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Capturing D-Day memories

Over the last five years, photographer Stuart Wood has travelled across the country to meet and photograph D-Day veterans, recording their memories and experiences. 

To mark the 75th anniversary of the D-Day landings, Stuart’s photographs will be displayed in an exhibition at the National Memorial Arboretum

Speaking before the launch of the exhibition, Stuart told us more about his project and the inspiration behind it. 

“I have always had a personal interest in World War 2 and in particular D-Day,” explains Stuart.

“Whenever I met someone who had been there I always found it amazing that they had personally witnessed one of the most momentous days in human history.

Although Stuart has worked on commissions across the UK and overseas, this project presented a unique challenge.

“I had never actually attempted anything like this project before and literally had no idea at the start if indeed it would actually go anywhere,” he said.

“For as long as I have been a professional photographer, which is now over 20 years, I wanted to do this project but always thought that I would leave it for some time in the future.

“Around five years ago I realised that if I did not do it then, I never would as this day and its subsequent campaign in Normandy is fast moving from memory into history.”

Alongside their portraits, Stuart was also keen to capture each person’s personal experience of D-Day

“So it was time to do something about this idea that had been rattling around my head for many years.”

Charlie Dean

A few days after D-Day we were still near the beaches and we were given a football for some badly needed respite. The game was England v Scotland, about 30 a side and tunics for goalposts.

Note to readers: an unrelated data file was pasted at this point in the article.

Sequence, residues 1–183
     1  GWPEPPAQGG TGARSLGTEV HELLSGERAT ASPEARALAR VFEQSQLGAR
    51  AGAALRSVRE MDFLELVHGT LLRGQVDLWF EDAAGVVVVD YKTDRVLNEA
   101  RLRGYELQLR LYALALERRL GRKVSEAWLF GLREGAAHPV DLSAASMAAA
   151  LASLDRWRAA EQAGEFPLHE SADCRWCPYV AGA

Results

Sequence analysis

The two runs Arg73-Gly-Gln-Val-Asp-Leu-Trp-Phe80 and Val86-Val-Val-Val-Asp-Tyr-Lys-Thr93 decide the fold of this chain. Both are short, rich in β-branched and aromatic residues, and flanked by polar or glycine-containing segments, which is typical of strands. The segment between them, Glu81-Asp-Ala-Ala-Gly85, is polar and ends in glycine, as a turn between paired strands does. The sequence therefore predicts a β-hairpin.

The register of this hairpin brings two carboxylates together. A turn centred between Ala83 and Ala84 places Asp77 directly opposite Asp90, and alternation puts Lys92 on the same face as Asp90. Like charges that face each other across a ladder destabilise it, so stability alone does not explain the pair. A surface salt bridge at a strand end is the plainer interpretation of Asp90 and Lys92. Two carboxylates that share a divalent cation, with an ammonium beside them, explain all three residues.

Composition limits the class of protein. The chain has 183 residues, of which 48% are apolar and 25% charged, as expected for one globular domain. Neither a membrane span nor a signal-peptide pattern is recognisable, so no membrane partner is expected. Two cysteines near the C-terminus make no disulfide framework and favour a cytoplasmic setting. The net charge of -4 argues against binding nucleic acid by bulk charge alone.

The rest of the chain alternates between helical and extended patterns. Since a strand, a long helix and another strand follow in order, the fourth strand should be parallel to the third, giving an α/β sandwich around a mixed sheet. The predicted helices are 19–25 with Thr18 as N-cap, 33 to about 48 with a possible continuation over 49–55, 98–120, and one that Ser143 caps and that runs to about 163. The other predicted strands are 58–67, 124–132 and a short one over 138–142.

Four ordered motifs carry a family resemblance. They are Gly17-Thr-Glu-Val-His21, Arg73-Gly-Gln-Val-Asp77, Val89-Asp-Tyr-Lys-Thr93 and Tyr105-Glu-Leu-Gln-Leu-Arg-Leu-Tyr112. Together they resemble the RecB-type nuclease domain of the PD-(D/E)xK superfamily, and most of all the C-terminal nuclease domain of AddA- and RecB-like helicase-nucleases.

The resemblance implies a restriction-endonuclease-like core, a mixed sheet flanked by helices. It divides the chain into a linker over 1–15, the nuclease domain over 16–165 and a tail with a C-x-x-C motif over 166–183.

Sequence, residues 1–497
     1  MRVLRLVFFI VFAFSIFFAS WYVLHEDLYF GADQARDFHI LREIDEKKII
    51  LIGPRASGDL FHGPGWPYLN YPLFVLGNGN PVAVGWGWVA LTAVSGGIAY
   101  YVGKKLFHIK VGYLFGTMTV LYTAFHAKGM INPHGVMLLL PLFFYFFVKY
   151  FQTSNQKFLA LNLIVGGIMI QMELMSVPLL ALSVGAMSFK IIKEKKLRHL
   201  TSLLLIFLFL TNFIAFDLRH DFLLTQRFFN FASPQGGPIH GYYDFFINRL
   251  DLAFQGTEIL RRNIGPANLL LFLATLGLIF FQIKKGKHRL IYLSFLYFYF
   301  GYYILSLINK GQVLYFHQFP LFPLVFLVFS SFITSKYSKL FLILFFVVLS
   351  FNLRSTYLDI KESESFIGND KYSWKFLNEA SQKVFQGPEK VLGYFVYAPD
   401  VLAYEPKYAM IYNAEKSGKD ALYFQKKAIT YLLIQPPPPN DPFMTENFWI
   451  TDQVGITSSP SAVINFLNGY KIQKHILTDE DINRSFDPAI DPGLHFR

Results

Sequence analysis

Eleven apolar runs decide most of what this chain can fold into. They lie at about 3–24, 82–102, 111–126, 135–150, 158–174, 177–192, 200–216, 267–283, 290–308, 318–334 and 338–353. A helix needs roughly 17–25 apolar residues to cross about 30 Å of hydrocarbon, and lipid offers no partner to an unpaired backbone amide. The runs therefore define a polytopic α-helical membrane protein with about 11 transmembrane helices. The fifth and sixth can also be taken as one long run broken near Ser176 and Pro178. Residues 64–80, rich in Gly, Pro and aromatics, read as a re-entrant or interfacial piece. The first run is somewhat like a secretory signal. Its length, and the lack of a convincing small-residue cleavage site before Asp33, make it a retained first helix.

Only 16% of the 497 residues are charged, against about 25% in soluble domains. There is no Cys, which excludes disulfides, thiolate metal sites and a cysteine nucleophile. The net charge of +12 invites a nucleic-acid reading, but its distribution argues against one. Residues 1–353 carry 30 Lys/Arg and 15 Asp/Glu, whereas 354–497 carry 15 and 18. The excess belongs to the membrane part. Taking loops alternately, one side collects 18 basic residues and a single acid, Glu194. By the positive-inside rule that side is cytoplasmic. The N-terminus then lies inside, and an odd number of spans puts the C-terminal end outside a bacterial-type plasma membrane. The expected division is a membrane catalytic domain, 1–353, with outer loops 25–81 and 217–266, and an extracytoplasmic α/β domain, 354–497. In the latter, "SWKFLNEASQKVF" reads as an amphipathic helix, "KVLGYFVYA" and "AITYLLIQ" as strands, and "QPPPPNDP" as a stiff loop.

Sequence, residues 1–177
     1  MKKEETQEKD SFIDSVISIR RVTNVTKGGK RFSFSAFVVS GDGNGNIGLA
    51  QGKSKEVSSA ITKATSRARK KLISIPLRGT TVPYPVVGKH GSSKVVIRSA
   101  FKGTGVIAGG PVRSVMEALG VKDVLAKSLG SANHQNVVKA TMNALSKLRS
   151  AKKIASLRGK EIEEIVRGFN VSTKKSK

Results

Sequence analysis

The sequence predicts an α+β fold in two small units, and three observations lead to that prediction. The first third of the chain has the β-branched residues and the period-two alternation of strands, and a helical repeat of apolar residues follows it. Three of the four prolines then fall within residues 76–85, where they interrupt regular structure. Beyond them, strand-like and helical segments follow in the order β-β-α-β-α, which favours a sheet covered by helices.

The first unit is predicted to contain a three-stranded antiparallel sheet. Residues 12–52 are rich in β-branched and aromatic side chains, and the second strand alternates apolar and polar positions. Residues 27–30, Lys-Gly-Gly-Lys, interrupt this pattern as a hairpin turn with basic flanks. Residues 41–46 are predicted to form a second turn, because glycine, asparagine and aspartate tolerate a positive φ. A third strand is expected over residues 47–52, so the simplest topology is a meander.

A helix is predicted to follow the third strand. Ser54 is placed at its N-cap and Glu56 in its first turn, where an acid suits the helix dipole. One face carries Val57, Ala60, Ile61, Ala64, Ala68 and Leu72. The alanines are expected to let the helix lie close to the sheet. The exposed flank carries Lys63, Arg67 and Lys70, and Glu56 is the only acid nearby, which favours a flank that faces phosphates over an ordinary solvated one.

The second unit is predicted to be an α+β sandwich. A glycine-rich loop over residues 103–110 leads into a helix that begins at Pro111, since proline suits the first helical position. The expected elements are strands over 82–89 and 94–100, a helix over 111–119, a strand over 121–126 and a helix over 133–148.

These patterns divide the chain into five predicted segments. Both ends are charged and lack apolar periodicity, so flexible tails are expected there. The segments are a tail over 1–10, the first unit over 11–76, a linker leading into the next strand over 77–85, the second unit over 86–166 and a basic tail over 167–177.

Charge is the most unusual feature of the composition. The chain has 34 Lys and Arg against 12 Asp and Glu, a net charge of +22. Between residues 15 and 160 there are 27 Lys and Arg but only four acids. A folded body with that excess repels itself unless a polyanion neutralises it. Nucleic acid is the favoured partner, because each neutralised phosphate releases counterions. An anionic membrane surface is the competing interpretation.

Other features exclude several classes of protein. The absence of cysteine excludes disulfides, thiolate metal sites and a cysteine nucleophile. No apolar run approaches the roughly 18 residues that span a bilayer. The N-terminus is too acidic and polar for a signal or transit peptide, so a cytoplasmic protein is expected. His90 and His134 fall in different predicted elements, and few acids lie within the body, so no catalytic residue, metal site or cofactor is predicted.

In pictures: Veterans remember D-Day

Charlie Dean

A few days after D-Day we were still near the beaches and we were given a football for some badly needed respite. The game was England v Scotland, about 30 a side and tunics for goalposts.

In pictures: Veterans remember D-Day

“This generation famously came home and did not talk about their experiences, so for me their personal accounts were vital to accompany their pictures,” he says. 

“My first veteran was Charlie Dean. 

“Charlie told me his story which is very funny, yet unfortunately he died very soon after I photographed him and he sadly never saw his picture. 

“When I presented his picture to his widow and daughter and told them his story, they both looked at each other and told me that over all the years since the war he had never told them that story!” 

Stuart's photographs will be on display at the National Memorial Arboretum from 29 May - 1 September 2019.

“Hopefully I have achieved something nice here,” he adds.

“We should never forget that the freedoms that we enjoy and take for granted were won and defended at such great cost by people like this.”  

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